Monavithya Sokha, the daughter of Cambodia's dissident opposition leader, is pressing the Australian government to impose sanctions on Cambodians who visit Australia and have links to the Hun Sen regime.
"We have not seen concrete actions yet, but I hope that in the coming months, weeks, the Australian government will finally take over the task," he told SBS.
His visit to the Vat Khemarangsaram Buddhist temple in west Sydney has brought hope to the Cambodian Australians, who, after last month's elections, have lost faith in their country's democracy.
"We are very concerned about what is happening in Cambodia," said Virak Um, who arrived in Australia as a refugee 35 years ago.
Srey Khang said he only wants the family and friends of his country to receive the same freedom they gave him when he moved here in 1994.
"We want democracy in our country, we want people to have the right we have in Australia," he told SBS.
After dissolving the main opposition party, Prime Minister Hun Sen won an overwhelming victory in a vote that many described as a farce.
But as the controversy surrounding the elections slips out of the headlines, Sokha, the daughter of imprisoned opposition leader Kem Sokha, is in Australia to ensure the plight of Cambodians is not forgotten.
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Ms. Sokha has labeled Australia as the "mafia center" of the corrupt elite of Cambodia.
"This is your number one destination in the world, Australia, because you are close to us, Cambodia, so they set up their businesses here, they send their children to school here."
Ms. Sokha calls on the federal government to impose visa bans and asset freezes on those who have ties to the People's Party of Cambodia, which it governs.
She has the backing of New South Wales Labor leader Luke Foley, who says his presence here has fueled fear in the community.
"I am regularly approached by Australian citizens of Cambodian origin who tell me of the fear that was generated when representatives of the Hun Sens regime undertake the surveillance and intimidation of Australian citizens," he told a joint press conference in Sydney with Ms. Sokha.
Next week, Ms. Sokha will meet with Foreign Minister Julie Bishop in an effort to convince her to take a tougher stance against the Hun Sen regime.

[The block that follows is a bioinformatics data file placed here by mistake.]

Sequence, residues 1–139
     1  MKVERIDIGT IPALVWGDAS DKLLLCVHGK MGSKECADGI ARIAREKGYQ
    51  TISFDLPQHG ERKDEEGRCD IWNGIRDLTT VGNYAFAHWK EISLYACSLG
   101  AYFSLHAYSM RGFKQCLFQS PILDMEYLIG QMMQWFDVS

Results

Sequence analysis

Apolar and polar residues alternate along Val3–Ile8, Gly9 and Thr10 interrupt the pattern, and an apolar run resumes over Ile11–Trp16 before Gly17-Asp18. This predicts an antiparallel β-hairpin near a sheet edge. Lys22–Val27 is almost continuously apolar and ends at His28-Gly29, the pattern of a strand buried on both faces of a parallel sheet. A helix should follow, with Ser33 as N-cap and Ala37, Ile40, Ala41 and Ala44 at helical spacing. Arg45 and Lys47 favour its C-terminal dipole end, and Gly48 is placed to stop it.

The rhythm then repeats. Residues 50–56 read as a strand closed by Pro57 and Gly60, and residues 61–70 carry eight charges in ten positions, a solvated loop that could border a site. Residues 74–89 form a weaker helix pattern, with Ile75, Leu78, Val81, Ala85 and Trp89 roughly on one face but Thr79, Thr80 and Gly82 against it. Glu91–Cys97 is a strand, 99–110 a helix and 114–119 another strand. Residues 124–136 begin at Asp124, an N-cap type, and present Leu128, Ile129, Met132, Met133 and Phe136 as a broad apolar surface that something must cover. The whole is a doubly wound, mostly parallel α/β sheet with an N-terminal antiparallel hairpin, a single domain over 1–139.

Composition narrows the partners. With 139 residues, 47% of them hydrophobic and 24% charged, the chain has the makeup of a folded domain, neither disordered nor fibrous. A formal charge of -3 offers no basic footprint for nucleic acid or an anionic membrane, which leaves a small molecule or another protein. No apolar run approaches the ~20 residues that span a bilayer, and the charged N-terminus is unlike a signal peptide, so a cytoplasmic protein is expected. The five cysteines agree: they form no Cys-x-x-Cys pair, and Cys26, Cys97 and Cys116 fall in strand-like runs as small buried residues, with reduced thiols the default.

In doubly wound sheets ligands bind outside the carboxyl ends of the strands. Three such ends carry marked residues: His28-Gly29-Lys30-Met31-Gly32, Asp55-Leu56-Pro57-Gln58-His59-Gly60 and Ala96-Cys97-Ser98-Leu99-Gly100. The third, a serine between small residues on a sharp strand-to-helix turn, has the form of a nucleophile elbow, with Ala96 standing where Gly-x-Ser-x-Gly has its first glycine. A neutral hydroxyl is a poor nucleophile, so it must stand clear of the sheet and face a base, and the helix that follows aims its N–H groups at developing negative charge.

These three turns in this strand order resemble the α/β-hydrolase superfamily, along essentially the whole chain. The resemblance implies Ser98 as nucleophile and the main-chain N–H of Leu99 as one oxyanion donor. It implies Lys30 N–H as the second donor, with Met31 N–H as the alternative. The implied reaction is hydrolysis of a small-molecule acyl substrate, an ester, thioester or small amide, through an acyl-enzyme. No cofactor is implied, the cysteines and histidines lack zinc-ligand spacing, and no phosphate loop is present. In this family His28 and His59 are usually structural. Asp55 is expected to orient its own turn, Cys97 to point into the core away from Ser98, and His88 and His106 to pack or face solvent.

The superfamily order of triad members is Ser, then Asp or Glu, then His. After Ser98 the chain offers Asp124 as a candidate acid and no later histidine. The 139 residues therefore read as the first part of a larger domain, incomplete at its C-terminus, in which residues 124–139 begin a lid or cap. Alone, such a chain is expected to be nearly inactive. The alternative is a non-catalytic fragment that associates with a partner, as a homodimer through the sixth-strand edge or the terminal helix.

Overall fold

A spokesman for the Department of Foreign Affairs told SBS News that he has "serious concerns with the 2018 national election process."
"We have repeatedly raised our concerns about the political situation in Cambodia privately and publicly, including at the UN Human Rights Council.
"We will continue to raise our concerns and encourage the Cambodian Government to take measures to allow a free and open political debate without violence or intimidation."
Faith in Australia
Ms. Sokha said that the fate of Cambodia's democracy is in the hands of the international community, and that she has a lot of faith in the role Australia can play, thanks to the support of the local community.
"I have to say that this is the most impressive community organization we have outside of Cambodia, and my meeting with Ms. Bishop has been organized by the community."
Next to her in Canberra is the Victorian Labor MP Hong Lim, who has long been Kem Sokha's friend and advocate for the Cambodian community.
After Australia played a pivotal role in the revitalization of Cambodia's democracy in the early 1990s, Lim said it is a "tragedy" that the country has now withdrawn.
"Australia organized, under the supervision of the UN, the first democratic and free election for Cambodia at that time, but now we are retreating," he told SBS News.
"It's sad because Australia is admired in the Asia-Pacific region, to take the lead on issues related to human rights, with respect to corruption, with respect to a dictatorship like in Cambodia."